IDEAS home Printed from
MyIDEAS: Log in (now much improved!) to save this paper

The anthropomorphic fallacy in international relations theory and practice

Listed author(s):
  • Carlos Escudé

A headline of the Venezuelean daily El Nacionalista, published June 16, 2008, read: “Venezuela se negó a seguir de rodillas ante las pretensiones del gobierno norteamericano”. A few weeks before, on May 8, president Hugo Chávez himself had said that Venezuela “would not watch crossed-armed” (“Venezuela no se quedará de brazos cruzados”) while Bolivia was driven into territorial desintegration by imperialist forces. The image of Venezuela with her arms crossed is one of slovenliness and negligence, whilst the image of it on its knees is humiliating. They both generate outrage and the need to set things “right”. This is only an example of the often unnoticed practical and theoretical consequences of the anthropomorphic language we all use when referring to states in terms of (for example) "weak" and "strong" actors who "suffer", are "honored", are "humiliated", have "pride" and aspire to "glory". This language obscures the fact that, oftentimes, when a weak state challenges a strong one at a great cost to itself, we are not witnessing an epic of courage (as might be the case when a weak individual challenges a strong one), but rather the sacrifice of the interests, welfare and sometimes even the lives of multitudes of poor people, to the vanity of their elite. The very fact that this is being obscured biases the value structure of international relations theory, which is not only not value-free, but often has totalitarian values unintendedly built into it.

If you experience problems downloading a file, check if you have the proper application to view it first. In case of further problems read the IDEAS help page. Note that these files are not on the IDEAS site. Please be patient as the files may be large.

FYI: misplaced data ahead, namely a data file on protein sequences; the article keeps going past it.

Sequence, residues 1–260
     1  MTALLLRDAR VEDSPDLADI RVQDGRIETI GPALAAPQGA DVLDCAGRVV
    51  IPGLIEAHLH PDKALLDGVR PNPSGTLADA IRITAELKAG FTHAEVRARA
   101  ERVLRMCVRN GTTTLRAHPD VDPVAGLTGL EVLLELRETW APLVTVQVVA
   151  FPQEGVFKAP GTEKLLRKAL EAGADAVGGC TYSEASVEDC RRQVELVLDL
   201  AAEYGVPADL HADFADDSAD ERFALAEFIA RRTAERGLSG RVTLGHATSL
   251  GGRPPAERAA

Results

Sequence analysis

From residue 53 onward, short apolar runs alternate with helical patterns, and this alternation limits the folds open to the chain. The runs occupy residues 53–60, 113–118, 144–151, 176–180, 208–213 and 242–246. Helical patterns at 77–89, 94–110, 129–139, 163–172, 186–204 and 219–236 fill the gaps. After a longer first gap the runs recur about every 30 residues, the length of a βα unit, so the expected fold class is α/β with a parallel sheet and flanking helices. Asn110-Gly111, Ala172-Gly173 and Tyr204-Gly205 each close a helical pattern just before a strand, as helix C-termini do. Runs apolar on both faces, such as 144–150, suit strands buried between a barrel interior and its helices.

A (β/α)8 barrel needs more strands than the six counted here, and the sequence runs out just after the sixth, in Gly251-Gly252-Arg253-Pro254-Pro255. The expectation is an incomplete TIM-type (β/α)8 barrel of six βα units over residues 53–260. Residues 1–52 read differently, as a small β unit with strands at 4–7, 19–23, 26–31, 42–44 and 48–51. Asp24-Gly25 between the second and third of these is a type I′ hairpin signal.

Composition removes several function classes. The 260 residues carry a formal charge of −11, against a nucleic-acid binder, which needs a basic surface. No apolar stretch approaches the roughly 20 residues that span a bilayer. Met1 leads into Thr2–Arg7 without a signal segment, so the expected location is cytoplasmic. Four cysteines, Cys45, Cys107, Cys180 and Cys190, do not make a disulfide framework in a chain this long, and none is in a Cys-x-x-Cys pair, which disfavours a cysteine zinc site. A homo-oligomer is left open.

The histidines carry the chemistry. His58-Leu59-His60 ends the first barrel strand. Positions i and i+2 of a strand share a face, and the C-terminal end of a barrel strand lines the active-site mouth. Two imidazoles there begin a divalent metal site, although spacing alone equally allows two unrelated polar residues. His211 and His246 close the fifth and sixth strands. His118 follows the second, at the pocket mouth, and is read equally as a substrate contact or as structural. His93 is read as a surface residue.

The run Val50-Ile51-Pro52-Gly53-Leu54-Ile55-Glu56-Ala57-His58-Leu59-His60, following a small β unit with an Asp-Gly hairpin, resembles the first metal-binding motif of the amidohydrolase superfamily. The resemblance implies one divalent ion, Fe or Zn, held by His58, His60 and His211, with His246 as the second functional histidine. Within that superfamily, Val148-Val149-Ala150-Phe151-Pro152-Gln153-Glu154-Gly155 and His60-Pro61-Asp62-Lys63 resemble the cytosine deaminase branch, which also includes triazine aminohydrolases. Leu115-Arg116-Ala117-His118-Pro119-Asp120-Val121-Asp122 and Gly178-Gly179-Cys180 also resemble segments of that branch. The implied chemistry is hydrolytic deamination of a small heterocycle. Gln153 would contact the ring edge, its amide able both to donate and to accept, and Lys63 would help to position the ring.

File URL:
Download Restriction: no

Paper provided by Universidad del CEMA in its series CEMA Working Papers: Serie Documentos de Trabajo. with number 373.

in new window

Length: 20 pages
Date of creation: Jun 2008
Handle: RePEc:cem:doctra:373
Contact details of provider: Postal:
Av. Córdoba 374, (C1054AAP) Capital Federal

Phone: (5411) 6314-3000
Fax: (5411) 4314-1654
Web page:

More information through EDIRC

No references listed on IDEAS
You can help add them by filling out this form.

This item is not listed on Wikipedia, on a reading list or among the top items on IDEAS.

When requesting a correction, please mention this item's handle: RePEc:cem:doctra:373. See general information about how to correct material in RePEc.

For technical questions regarding this item, or to correct its authors, title, abstract, bibliographic or download information, contact: (Valeria Dowding)

If you have authored this item and are not yet registered with RePEc, we encourage you to do it here. This allows to link your profile to this item. It also allows you to accept potential citations to this item that we are uncertain about.

If references are entirely missing, you can add them using this form.

If the full references list an item that is present in RePEc, but the system did not link to it, you can help with this form.

If you know of missing items citing this one, you can help us creating those links by adding the relevant references in the same way as above, for each refering item. If you are a registered author of this item, you may also want to check the "citations" tab in your profile, as there may be some citations waiting for confirmation.

Please note that corrections may take a couple of weeks to filter through the various RePEc services.

This information is provided to you by IDEAS at the Research Division of the Federal Reserve Bank of St. Louis using RePEc data.